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Finding the caller of a class

 
Leslie Chaim
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What is the Java equivalent of C's argv[0] or the Shell's $0
 
Michael Ernest
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Netbeans IDE VI Editor
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er, something like getClass().toString() ?
 
Leslie Chaim
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Kind of, but I am trying to do that from the static main().
I simple want to say to the user if he/she failed to provide the proper cmd line args with a usage message such as:
Usage: java <Class> {port}
I don't want to "hardcode" Class
 
Maulin Vasavada
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Hi lesli,
i found two ways of doing what u want.
1. if u 've no-arg constructor then u can do it
2. even if u don't have no-arg constructor u can do it :-)
(in short u can do it anyway)
here is a code i tested...

btw, Michael i liked your signature. wow! u took SCJP test when i didn't know Java existed :-)
regards,
maulin
 
Maulin Vasavada
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btw, leslie,
i didnt get your point about "not hardcoding the class name"...
well, i would say it would not be too much hassle or problem if u do hardcoding. would it be? because anyways if u change ur class name anytime in future then u can change the corresponding message line as well... OR i am missing ur point completly....please explain me if i'm wrong...i'm slow at things :-(
regards
maulin
 
Leslie Chaim
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I completely got it thanks. I was simply looking for a "generic" way to report a class name in a Usage prompt. In addition, consider that I have a template of code (used as test harness) which I plug in any class which I create. Can you see in what type of "hard-coding" problems I can run into?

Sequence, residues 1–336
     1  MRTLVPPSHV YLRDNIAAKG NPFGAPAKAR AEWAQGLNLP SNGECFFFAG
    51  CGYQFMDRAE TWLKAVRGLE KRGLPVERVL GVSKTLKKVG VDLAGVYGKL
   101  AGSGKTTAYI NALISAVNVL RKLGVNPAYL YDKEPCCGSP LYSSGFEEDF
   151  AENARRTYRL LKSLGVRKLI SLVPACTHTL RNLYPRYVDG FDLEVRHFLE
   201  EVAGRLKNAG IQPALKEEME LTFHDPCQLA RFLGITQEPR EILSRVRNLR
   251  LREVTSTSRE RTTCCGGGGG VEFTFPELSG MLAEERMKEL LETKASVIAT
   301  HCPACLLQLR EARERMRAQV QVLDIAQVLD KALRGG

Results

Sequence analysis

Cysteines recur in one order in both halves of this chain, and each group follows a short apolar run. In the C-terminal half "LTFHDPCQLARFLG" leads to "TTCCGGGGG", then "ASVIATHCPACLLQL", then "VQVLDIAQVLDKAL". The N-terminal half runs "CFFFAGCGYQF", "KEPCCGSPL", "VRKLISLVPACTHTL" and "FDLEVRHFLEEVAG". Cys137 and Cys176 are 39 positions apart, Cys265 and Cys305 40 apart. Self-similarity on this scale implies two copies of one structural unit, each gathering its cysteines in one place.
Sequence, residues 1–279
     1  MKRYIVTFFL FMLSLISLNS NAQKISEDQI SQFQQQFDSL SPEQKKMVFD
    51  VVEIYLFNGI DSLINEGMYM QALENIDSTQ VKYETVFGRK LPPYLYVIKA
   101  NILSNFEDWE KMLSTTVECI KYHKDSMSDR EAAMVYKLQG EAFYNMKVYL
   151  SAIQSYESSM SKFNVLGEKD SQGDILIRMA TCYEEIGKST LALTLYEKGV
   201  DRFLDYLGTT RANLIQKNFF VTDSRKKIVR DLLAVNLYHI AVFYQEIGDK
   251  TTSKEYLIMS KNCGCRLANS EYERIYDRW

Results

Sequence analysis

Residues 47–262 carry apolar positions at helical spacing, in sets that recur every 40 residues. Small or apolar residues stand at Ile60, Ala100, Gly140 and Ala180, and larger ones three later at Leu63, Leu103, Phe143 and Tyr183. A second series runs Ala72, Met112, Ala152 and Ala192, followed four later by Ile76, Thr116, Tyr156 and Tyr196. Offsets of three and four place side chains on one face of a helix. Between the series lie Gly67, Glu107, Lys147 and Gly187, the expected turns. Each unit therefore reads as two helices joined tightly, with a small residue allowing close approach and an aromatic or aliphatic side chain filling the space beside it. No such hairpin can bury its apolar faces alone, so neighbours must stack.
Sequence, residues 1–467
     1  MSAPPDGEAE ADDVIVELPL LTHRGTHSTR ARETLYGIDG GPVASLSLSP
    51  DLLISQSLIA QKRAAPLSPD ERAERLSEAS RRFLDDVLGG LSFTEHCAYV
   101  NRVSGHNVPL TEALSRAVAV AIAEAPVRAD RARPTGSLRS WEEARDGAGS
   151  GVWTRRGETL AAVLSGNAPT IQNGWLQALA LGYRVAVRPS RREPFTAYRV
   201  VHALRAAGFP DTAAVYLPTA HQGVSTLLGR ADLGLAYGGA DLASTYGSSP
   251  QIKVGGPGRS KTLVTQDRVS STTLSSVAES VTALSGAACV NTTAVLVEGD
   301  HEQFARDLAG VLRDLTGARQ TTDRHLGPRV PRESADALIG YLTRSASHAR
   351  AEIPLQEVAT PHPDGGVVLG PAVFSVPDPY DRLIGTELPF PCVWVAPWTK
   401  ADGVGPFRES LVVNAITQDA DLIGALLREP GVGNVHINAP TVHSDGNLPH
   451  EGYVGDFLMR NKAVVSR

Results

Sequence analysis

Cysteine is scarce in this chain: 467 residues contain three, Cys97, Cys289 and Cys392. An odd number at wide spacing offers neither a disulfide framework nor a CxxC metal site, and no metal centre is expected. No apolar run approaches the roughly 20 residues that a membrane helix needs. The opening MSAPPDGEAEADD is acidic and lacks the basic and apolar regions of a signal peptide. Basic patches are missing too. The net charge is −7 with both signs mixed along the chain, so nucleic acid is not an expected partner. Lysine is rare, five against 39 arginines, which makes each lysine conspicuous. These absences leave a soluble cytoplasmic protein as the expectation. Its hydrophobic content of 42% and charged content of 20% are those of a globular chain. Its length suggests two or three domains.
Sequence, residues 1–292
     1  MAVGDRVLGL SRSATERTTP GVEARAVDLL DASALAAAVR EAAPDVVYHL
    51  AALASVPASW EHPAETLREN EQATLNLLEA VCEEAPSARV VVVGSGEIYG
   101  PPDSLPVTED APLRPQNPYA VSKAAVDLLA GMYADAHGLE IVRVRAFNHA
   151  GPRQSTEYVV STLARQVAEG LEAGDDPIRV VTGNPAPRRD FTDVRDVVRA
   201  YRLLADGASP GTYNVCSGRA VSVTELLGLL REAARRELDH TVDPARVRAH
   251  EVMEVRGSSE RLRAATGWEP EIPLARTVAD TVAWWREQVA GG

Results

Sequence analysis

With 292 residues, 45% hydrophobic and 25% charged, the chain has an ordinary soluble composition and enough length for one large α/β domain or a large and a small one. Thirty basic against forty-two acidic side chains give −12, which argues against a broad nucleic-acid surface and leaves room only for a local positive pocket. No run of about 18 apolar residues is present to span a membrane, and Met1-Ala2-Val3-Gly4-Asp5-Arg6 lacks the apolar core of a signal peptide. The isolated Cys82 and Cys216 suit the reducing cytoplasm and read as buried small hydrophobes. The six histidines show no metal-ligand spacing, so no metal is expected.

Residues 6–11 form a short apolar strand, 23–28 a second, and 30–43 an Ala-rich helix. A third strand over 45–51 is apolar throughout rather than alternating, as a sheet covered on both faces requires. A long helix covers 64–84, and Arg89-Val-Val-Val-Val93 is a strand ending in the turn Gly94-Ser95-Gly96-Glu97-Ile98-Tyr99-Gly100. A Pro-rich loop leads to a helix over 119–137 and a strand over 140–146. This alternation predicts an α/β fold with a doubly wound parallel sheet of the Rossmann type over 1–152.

Originally posted by Maulin Vasavada:

btw, Michael i liked your signature. wow! u took SCJP test when i didn't know Java existed :-)

And I didn't even know what IT meant! BTW, and talking about minimums... I got 67% on the SCJP in March 14 this year (I plan to officially brag :wink: after I become a SCJD)
Nevertheless, here is my excuse:
"My total real practice was less then 50 lines of Java code"
That's how great Michael and the rest of the RHE gang were!
 
Elemer Kuchar
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Hello,
may be following solution could help:
Create Throwable object, print its stack trace into String and parse the class name from the string. You can also obtain other useful info like line number, function name etc. from it. I test the solution on Java HotSpot(TM) Server VM 1.3.1 (UNIX) and Java HotSpot(TM) Client VM 1.4.1 (win2000).

Sample code:

public class MyTest {
public static void main( String[] args ) {
if ( args.length == 0 ) {
// get stack trace, it contains the class name
java.io.StringWriter sw = new java.io.StringWriter() ;
Throwable t = new Throwable() ;
t.printStackTrace( new java.io.PrintWriter( sw ) ) ;
String stackTrace = sw.toString() ;
// extract class name
int beginPos = stackTrace.indexOf( "(" ) + 1 ;
int endPos = stackTrace.lastIndexOf( "." ) ;
String className = stackTrace.substring( beginPos, endPos ) ;
// usage...
System.out.println( "Usage: java " + className + " <param>" ) ;
}

}
}
Elemer
 
Philip Shanks
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I don't know if this gets at what you want or not. It's a variant on Maulin's code above, but doesn't need to have the class name hardcoded (this one refers to itself, but any class could be instantiated in the newInstance() call). I guess I don't really know how your test harness works.

Invocation:
java MyClass
Output:
usage: java MyClass {port}
[ July 11, 2003: Message edited by: Philip Shanks ]
 
It is sorta covered in the JavaRanch Style Guide.
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